The vampire genre has been thrilling readers since the 1700s, with few changes to the tropes of this horror category. Depending on the author, vampires have been presented as the undead (Bram Stroker’s Dracula 1897), as an alien species (Gustave Le Rouge’s Le prisonnier de la planète Mars 1908), and as products of disease (Richard Matheson’s I am Legend 1954). In Clark Hays and Kathleen McFall’s The Cowboy and the Vampire: A Very Unusual Romance, the bloodsuckers are alive, but die each dawn as the sun comes out. They can be killed by the sun, and they do sleep the days away in their coffins, but they cannot be killed by crosses for mankind has lost its faith, making religious symbols ineffective. Hays and McFall have also developed a mythology of the vampires being a distinct species that have lived among humans. So as a vampire novel, The Cowboy and the Vampire is sure to satisfy Dracula fans’ expectations. However, this book has a little something extra to offer readers. A little something that harkens back to the days when man fought against the wild in the name of civilization. Hays and McFall have succeeded in mixing the Western genre tropes with the Gothic conventions to create a zany grey romance.
Westerns are often based on subgroups, like cowboys, who live by codes and honour. And among these cowboys, authors generally add one who is a bit more of a nomadic wanderer. A character who operates in isolation, a bit further outside the boundaries of his society. This is the hero who doles out private justice. And this is the protagonist, Tucker, in Hays and McFall’s novel. Tucker relates better to his horse and his dog than he does to people. He has little ambition outside of browning his toast on the woodstove, and roping a cow at the local rodeo. And when Tucker looks out over his father’s land, his heart swells with a settler’s pride of ownership. He is content, in Lone Pine, Wyoming, until Lizzie, a New York reporter with a 2000-year-old curse in her veins shows up with her camera and her curiosity. That’s when Tucker’s world is turned upside down by fanged bloodsuckers and there’s only one avenue left for this cowboy. And that is to “ride”.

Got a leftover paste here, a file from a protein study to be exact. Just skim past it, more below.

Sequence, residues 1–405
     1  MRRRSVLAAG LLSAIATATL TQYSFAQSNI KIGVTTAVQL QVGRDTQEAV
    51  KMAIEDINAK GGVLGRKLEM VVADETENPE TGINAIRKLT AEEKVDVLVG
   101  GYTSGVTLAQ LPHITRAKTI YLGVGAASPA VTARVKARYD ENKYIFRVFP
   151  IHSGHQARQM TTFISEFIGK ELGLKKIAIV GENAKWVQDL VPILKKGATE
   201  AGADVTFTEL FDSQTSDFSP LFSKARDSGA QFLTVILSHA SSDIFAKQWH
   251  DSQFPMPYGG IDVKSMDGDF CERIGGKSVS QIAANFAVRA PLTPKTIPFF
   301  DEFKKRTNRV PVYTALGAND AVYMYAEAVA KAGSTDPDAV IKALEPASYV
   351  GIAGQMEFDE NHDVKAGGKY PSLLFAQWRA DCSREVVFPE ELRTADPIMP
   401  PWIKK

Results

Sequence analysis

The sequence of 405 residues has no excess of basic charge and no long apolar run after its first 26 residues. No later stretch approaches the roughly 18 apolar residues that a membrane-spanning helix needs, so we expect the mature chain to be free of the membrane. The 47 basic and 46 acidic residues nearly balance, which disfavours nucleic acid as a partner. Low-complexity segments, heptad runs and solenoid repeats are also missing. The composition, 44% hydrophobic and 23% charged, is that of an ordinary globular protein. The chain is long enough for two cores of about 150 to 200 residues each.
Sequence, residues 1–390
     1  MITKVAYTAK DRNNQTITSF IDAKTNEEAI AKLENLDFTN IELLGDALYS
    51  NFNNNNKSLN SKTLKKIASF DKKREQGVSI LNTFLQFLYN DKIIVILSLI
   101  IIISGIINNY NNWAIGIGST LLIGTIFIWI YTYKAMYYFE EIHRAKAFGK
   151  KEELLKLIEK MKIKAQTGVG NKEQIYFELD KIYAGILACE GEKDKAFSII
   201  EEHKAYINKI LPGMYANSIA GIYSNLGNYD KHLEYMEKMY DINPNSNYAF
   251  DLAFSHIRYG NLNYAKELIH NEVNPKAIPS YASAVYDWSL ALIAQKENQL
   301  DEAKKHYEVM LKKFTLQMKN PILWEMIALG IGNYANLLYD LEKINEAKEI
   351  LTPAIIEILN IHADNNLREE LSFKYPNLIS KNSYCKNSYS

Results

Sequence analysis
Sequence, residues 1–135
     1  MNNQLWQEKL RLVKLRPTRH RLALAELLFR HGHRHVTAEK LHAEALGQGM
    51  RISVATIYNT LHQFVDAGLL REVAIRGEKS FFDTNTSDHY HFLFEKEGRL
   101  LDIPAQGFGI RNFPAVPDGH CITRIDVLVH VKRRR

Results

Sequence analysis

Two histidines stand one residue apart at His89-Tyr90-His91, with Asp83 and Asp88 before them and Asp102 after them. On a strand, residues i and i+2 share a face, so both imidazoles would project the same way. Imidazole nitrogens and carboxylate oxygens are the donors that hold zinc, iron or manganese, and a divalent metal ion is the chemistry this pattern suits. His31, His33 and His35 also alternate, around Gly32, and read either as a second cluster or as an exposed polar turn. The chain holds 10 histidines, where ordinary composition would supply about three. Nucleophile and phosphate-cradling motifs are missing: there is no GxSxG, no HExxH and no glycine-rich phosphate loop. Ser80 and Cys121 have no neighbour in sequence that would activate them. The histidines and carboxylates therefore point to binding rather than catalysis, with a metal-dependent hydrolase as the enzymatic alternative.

The authors succeed with this novel on a number of levels. The contrast between bad-vamp Julius, an ancient but classy and compelling Dracula type, and Tucker, who duct-tapes his soles on his boots, creates a tickling anticipation within the reader. As much as we want to see them shoot it out, we also love the polar contrast of these two well-known characters in fiction. But the shootouts do arrive, and they are delivered in classic Western locations.
The first occurs at the cabin, in the wilderness, on a rainy night in a scene that’s been replayed on theatre screens over and over, and we love it. A sound outside. The dog barks. The woman clutches her dress, and the man stands tall in his cowboy boots. He throws on his slicker, grabs his gun and plants his hat on his head, and we just know the Cheyenne or the Sioux are waiting outside, and yet we need him to go. Because that’s what the Western hero does, and Tucker doesn’t let the reader down. Only this time, it’s not “Indian” marauders attacking the cabin. It’s vampires that wait in the rain. Vampires that slaughter the stock. Vampires that move like shadows in the dark. And after they take his woman, Tucker tracks them (by plane) and hunts them (with a modified “six-shooter”) and steals her back. The final scene in the novel takes place in a Mexican fort, stronghold of the good vampire, and a perfect place for a Western grand finale.
The Cowboy and the Vampire is not just a whimsical text. It’s full of humour and very enjoyable, but it also comes packed with solid imagery, themes and conventions from both the Western and Vampire genres. Hays and McFall have succeeded in constructing a deliberate plot that delivers through humour, romance and action, and leaves the reader pining for a field, a horse, and a few more hours of daylight.